In order to perform downstream applications on exosomes, another isolation method was sought that would yield a greater number of exosomes than ultracentrifugation-based isolation. Thus the REIUS method (Rapid Exosome Isolation using Ultrafiltration and Size Exclusion Chromatography) of isolating exosomes was established in our lab. This method reliably yields 6-fold higher quantities of exosomes compared to ultracentrifugation, with a mean particle size between 40 and 60 nm. Using this method, six cell lines (2183-Her4, 1300-mel, HMCB, 526-mel, 888-mel and Hs 294 T) that consistently produced substantial numbers of exosomes were identified and chosen for further study (Fig. 2a).

Figure 2
Figure 2

Isolation of exosomes using the REIUS method. (a) Physical characteristics of HADF and melanoma cell line exosomes based on NTA (Zetaview). Exosome polydispersity index (NePdi) is the ratio of standard deviation over mean exosome size based on NTA (Zetaview). (b) Scanning electron microscope images of HADF exosomes and six HMEX. REIUS method isolated exosomes consistently resemble circular vesicles in shape. (c) Infrared-based western blot staining with exosome-enriched marker anti-CD63 and cytoplasmic marker anti-β-tubulin antibodies. Lane 1: 25 µg HMEX protein following REIUS method using a 100 kDa ultrafiltration spin column. Lane 2: 25 µl flow-through following SEC of REIUS method. Absence of CD63 expression indicates no loss of exosomes following entire REIUS method. Lanes 3 and 4: same as lanes 1 and 2 except that a 3 kDa ultrafiltration spin column was used. Similar intensity of CD63 expression in lanes 1 and 3 indicate exosomes are not lost during the REIUS method when a 100 kDa spin column is used. Lanes 5 and 6: same as lanes 1 and 2 but with HADF exosomes. Lane 7: 25 µl HMEX supernatant following REIUS that did not include SEC. The increased lane width indicates presence of non-exosomal protein that would have been removed if SEC had been utilized. Lane 8: 2183-Her4 cell lysate. β-tubulin expression is only seen in this lane, indicating preparations in other lanes are not contaminated by cellular protein. (d) HADF exosomes and HMEX from 6 cell lines: infrared-based western blot staining with anti-CD63, anti-TSG101, anti-β-tubulin and anti-β-actin antibodies. 25 μg protein was loaded per lane. Full-length blots for are presented in Supplementary Figs S2 and S3.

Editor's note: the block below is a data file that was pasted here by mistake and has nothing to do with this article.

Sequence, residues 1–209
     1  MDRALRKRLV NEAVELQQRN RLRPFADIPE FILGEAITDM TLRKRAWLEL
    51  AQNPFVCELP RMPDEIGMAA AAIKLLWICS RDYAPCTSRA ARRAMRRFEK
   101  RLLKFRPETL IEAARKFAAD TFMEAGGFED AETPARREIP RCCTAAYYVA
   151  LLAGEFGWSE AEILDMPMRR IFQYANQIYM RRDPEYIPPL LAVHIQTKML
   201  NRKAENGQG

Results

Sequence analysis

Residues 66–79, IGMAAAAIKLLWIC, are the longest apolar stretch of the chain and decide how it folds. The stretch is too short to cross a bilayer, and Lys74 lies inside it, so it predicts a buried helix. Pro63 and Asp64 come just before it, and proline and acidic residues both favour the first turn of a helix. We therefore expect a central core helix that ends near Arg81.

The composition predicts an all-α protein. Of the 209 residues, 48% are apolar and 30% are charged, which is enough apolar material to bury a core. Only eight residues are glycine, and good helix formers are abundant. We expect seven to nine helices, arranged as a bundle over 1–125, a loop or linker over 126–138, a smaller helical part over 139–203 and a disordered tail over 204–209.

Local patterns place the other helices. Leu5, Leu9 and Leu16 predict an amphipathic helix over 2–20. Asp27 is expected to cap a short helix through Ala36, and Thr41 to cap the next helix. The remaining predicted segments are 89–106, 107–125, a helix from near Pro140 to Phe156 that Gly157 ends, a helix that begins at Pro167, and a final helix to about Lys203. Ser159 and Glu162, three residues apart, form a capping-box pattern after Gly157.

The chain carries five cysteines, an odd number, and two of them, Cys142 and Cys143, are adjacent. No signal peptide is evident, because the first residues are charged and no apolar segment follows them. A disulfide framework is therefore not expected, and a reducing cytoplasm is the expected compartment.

Isolated exosomes were observed under SEM and found to have a consistent, individually spaced, vesicular and rounded morphology (Fig. 2b). The REIUS method resulted in no detectable loss of exosomes after the SEC isolation process compared to ultrafiltration alone (Fig. 2c). The isolated exosomes had very little cytoplasmic protein contamination, as demonstrated by little β-tubulin expression (Fig. 2c,d), β-actin expression (Fig. 2d) and no detectable cyclophilin B expression (Supplementary Fig. S3b).

Next, it was examined whether stromal cells such as HADF could uptake HMEX. This was confirmed by internalisation as measured by ImageStream (Fig. 3a). The Internalisation Score (IS) of HMEX by HADF was found to be 3.81, demonstrating that CellVue dye-stained melanoma exosomes internalised by HADF (Fig. 3b). Uptake of HMEX is observed in 56% of HADF after 15 minutes and 90% after 1 hour co-culture with HMEX and steadily increases to 99% over 24 hours (Supplementary Fig. S4).

Figure 3
Figure 3

Confirmation of uptake of HMEX by HADF using ImageStream. (a) Representative images of the internalized exosomes were defined using Internalization feature with the Erode mask on Brightfield (BF) of 5 pixels. Examples of 3 different HADF. BF = HADF images under Brightfield microscopy. CSFE = staining of cytoplasm. exo = staining of exosomes with CVM. (b) Measuring internalization of HMEX by HADF. The internalization score for a target that is not expected to be internalized (CD3 on T cells) as well as one that is (HMEX in HADF).

To determine whether isolated HMEX are by themselves capable of reprogramming normal stromal cells, the Seahorse Mito Stress test analysis was used to measure aerobic respiration rate in HADF, i.e. oxidative phosphorylation (OXPHOS). Since downstream analyses required large numbers of exosomes, 888-mel was chosen as it had an inherently high proliferation rate and produced the most exosomes among the six cell lines previously tested. Addition of 100 μg of HMEX were capable of downregulating the basal respiration of HADF by 32.2% (46.5 ± 2.58 pmol/min to 31.6 ± 0.30 pmol/min), maximal respiration by 15.9% (155 ± 6.29 to 130 ± 1.19 pmol/min) and ATP synthesis by 37.4% (42.0 ± 2.27 to 26.3 ± 0.25 pmol/min) (Fig. 4a–d). Moreover, HADF that were exposed to HMEX also increased extracellular acidification (ECAR) of HADF when compared to control (Fig. 5a). With increased glycolysis by HMEX being a possible mechanism of acidification, a glycolysis-specific assay (GlycoRate) was used to measure the basal and compensatory glycolysis in HADF cells (Fig. 5b). Compared to the control, HMEX exposed HADF exhibited increased basal glycolysis by 41.0% (from 616 ± 24.6 to 868 ± 45.6 mpH/min) and compensatory glycolysis by 136.8% (from 301 ± 34.4 to 714 ± 25.7 mpH/min), indicating a metabolic shift towards glycolysis (Fig. 5c). This was further confirmed by use of an L-lactate glycolysis assay to measure the byproduct of glycolysis, which increased by 13.5% (from 7854 ± 112 to 8914 ± 480 μM) in HMEX exposed HADF cells compared to control (Fig. 5d).